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Evolutionary ecology

Novelty makes the heart grow fonder


Research on guppies provides the most definitive evidence yet for the rare-male effect — a long-standing hypothesis to explain the perplexing maintenance of variation in traits that are subject to strong mate choice. See Letter p.108

The little fish commonly known as guppies are almost as popular among evolutionary biologists as they are among home aquarists, because they provide a tantalizing opportunity to explore how genetic variation is maintained in natural populations. The males of this species (Poecilia reticulata) present a dazzling display of colour variation, and it is known that female guppies show strong mating preferences on the basis of male colour patterns. But the maintenance of this colour variation presents an evolutionary mystery, because sexual selection for a specific form of a trait should erode variation in that trait1. The discovery2 that, in a natural setting, male guppies with rare colour patterns survive better than more common types, presumably because they are less often targeted by predators, was an important advance in explaining guppy colour diversity. Now, on page 108 of this issue, members of the same research group (Hughes et al.3) show that wild guppy males with rare traits obtain more matings and leave more offspring. Thus, it seems that the diverse coloration in this species is promoted by both natural and sexual selection.

Negative frequency-dependent selection — which in the case of sexual selection is sometimes called the rare-male effect — is a process in which the evolutionary fitness of a trait goes up as its relative abundance goes down. The literature on this effect goes back a long way and is substantial, but has at times been heavily criticized4,5. Some of the best available evidence has come from investigations of guppies in the laboratory, in which preferences for both unfamiliar and rare traits (phenotypes) have been documented6,7. But the relevance of such laboratory results to natural populations has been open to question because of a lack of studies in natural settings7,8.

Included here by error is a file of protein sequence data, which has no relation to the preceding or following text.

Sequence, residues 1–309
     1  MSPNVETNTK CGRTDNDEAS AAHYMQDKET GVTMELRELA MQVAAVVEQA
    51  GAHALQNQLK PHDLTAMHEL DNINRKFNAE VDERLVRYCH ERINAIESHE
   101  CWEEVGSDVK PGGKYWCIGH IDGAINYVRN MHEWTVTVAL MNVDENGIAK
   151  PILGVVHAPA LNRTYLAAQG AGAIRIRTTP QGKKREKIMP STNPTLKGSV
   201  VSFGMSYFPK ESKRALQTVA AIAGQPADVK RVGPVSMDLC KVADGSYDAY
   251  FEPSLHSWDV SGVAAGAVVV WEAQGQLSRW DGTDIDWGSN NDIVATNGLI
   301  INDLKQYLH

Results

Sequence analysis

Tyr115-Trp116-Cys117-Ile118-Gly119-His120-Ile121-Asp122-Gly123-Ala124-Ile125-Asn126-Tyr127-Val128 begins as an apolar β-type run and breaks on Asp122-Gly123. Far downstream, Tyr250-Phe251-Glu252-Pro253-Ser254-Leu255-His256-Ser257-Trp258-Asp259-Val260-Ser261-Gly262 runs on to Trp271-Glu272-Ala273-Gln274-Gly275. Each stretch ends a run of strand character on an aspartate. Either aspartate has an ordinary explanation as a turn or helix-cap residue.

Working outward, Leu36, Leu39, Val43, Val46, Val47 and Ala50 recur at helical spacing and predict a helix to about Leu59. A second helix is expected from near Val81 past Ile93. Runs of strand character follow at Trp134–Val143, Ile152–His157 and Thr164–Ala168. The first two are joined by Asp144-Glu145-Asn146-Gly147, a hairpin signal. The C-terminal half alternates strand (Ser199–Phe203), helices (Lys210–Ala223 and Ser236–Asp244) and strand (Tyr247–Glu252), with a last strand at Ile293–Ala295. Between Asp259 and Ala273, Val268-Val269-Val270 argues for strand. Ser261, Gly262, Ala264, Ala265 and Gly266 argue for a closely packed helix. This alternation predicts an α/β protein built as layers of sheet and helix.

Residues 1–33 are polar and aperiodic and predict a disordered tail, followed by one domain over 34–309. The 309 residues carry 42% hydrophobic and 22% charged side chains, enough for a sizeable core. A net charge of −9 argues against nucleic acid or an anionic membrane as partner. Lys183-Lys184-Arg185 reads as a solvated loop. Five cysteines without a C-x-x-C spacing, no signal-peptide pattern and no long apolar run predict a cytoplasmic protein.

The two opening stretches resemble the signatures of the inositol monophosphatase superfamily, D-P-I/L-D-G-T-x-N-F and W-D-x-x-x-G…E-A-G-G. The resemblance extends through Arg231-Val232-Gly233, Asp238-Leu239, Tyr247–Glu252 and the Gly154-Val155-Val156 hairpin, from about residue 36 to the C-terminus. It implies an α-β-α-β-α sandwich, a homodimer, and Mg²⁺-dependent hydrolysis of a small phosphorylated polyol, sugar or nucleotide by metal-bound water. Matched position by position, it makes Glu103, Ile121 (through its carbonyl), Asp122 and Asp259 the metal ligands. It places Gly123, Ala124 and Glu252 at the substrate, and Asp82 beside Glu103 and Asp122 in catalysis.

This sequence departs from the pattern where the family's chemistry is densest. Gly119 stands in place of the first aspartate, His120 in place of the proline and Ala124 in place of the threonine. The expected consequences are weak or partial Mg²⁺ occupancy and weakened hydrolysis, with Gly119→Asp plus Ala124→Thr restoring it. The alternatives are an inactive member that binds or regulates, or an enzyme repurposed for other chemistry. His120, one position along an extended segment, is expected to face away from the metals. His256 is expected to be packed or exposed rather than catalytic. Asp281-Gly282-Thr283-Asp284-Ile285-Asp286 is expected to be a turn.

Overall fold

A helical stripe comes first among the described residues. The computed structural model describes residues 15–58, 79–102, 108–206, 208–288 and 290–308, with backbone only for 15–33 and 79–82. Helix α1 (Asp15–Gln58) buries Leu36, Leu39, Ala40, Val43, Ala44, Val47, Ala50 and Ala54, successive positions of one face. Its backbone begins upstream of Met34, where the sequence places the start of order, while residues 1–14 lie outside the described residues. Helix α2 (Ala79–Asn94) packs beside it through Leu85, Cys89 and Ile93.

Hughes and colleagues' study is noteworthy in large part because it involves naturally occurring male colour phenotypes in natural pools located along streams in Trinidad. To perturb these stream systems from a possible evolutionary equilibrium in the abundance of different colour patterns, and to enhance the power to detect negative frequency-dependent selection, the authors experimentally adjusted the frequencies of different types of males (Fig. 1). For balance, they made the same phenotypes rare in some pools and common in others. Then, to evaluate the reproductive success of the males, they undertook the daunting task of genotyping more than 1,400 offspring of pregnant females collected from the pools at the end of the experiment. Working across three stream systems and with an impressive level of replication, the researchers observed a strong pattern of elevated mating and reproductive success for whichever male type was rare.

Figure 1: The rare-male effect in a natural population.

Hughes et al.3 adjusted the frequency of male guppies in stream pools such that males with coloured tails were common and males with uncoloured tails were uncommon (a), or the reverse (b). The frequency of females was kept constant. In both types of pool, the authors found that the rare males obtained more matings with females and, as a result, contributed proportionally more offspring to the next generation.